Barely a third of outsourcing deals are now safe: Window-dressing legacy engagements is over


We’ve been talking about the legacy model of butts-on-seats “mess for less” outsourcing fizzling out for years, but somehow the same old candidates have clung on grimly to the same old model, relying on clients that still find a modicum of comfort negotiating rate cards down to the lowest common denominator, content to hobble along with average service delivery that just about keeps everyone paid… and somehow relevant.

As we’ve bemoaned the decreasing growth rates across almost all traditional areas of business and IT services, no one’s pressed the panic button to do anything wildly different.  In fact, many have used the recent stagnant times to merge with each other to eke out a bit more revenue growth and rationalize costs wherever possible.

Meanwhile, all the providers have slapped the lovely “digital” tag on pretty much ever new client dollar that wasn’t obviously a help desk deal or some server consolidation.  Yes, people, even good old app testing today has managed to be magically reformulated as a “digital” service by some.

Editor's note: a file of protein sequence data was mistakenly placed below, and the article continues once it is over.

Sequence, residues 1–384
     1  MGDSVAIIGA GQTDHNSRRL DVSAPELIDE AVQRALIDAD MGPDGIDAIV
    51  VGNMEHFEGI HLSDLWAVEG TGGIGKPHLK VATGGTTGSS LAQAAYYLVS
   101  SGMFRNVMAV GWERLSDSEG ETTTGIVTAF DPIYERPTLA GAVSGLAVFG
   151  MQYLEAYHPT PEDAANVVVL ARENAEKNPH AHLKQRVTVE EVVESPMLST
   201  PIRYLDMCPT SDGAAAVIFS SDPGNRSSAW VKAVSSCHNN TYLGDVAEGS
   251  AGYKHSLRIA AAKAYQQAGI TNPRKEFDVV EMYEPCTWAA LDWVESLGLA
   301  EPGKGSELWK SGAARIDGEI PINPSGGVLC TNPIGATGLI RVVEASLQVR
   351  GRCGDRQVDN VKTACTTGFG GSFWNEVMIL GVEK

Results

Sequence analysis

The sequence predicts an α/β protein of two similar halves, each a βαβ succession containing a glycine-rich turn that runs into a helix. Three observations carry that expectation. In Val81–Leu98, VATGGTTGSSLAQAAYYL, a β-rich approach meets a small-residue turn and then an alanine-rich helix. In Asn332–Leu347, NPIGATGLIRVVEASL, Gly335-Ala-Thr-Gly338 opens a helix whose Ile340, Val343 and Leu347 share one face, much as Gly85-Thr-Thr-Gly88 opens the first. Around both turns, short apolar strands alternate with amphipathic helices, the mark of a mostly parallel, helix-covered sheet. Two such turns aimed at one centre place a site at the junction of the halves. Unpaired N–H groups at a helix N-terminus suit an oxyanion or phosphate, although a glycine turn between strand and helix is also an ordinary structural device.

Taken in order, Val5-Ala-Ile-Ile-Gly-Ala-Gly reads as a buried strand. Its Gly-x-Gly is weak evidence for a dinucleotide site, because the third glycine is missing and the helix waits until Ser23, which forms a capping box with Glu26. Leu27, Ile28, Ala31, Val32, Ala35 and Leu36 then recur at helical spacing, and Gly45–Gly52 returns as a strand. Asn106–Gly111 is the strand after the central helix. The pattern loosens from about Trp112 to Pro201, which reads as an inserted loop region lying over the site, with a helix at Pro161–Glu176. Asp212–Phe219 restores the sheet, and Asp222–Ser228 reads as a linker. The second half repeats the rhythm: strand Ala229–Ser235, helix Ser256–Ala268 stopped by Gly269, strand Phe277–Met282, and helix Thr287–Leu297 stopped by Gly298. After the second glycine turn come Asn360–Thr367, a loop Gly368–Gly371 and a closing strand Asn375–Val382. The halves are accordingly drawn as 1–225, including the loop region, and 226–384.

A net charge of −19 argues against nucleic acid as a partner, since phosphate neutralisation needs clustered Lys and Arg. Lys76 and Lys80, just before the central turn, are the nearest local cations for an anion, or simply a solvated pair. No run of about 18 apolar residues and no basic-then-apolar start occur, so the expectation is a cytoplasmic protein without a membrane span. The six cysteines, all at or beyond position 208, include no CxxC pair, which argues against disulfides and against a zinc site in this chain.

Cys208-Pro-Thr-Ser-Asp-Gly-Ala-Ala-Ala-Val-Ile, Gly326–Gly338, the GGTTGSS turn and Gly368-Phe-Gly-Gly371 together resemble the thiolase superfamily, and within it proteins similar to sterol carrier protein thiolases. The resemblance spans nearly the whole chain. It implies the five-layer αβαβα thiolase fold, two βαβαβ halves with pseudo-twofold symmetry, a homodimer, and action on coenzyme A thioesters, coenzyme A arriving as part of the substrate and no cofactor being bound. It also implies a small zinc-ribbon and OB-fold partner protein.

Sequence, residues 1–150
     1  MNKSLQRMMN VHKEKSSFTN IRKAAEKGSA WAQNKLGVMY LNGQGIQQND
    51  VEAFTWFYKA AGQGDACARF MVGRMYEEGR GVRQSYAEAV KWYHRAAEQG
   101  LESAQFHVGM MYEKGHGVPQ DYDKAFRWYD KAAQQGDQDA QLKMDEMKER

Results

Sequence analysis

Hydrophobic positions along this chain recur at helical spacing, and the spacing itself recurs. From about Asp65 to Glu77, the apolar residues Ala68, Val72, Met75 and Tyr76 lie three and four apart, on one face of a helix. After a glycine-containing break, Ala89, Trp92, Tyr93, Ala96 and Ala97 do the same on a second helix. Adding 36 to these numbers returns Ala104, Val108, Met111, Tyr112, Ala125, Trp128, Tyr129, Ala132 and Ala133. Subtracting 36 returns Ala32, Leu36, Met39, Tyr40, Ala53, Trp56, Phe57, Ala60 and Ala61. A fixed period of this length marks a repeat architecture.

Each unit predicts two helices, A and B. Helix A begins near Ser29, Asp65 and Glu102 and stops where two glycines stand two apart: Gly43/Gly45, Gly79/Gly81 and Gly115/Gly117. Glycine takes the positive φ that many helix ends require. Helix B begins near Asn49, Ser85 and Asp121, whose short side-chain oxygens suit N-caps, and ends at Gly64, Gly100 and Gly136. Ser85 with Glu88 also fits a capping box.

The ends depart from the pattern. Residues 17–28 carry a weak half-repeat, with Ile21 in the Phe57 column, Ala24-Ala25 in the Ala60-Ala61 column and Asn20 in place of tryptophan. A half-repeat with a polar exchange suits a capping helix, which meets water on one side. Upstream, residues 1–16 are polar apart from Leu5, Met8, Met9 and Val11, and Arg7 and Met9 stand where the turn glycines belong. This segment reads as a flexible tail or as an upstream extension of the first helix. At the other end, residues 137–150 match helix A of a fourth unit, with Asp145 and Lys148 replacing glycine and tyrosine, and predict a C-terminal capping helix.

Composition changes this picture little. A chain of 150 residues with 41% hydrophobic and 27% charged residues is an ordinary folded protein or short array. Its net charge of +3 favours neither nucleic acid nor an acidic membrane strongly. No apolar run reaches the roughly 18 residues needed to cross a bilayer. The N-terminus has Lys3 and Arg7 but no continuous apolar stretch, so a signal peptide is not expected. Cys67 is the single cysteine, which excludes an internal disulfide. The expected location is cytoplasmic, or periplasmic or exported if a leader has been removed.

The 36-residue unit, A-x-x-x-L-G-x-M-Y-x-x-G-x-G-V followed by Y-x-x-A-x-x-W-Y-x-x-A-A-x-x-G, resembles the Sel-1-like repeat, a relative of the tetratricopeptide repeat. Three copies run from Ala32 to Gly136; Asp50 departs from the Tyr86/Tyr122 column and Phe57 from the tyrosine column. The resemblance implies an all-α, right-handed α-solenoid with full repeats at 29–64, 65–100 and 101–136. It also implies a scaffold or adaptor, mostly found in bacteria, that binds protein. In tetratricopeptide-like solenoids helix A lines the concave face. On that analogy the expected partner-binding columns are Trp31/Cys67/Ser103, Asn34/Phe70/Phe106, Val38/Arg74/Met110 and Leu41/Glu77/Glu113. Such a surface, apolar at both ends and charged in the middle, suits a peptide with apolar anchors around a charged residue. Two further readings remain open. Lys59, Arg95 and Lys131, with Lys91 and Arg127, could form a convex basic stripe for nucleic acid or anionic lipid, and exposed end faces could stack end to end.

The balance of power sits firmly with the enterprise clients, and many have no choice but to jump ship from the old model

Being realistic, the IT and business services business is no different than it was five years ago, except there is a lot more cloud… and a lot more window dressing.  But that is all changing, and our new research reveals a new services economy is upon us.

But, finally, many enterprise clients are wising up to the reality they now wield a lot more power over service providers as the market flattens to a state of hyper-commoditization and negligible-to-pathetic growth.  Many are, finally, awakening to a new dawn that service providers can (and most are) able to takeout delivery cost through better deployment of cloud, less costly SaaS apps, and applying robotic process automation to reduce manual workarounds and augment people delivery.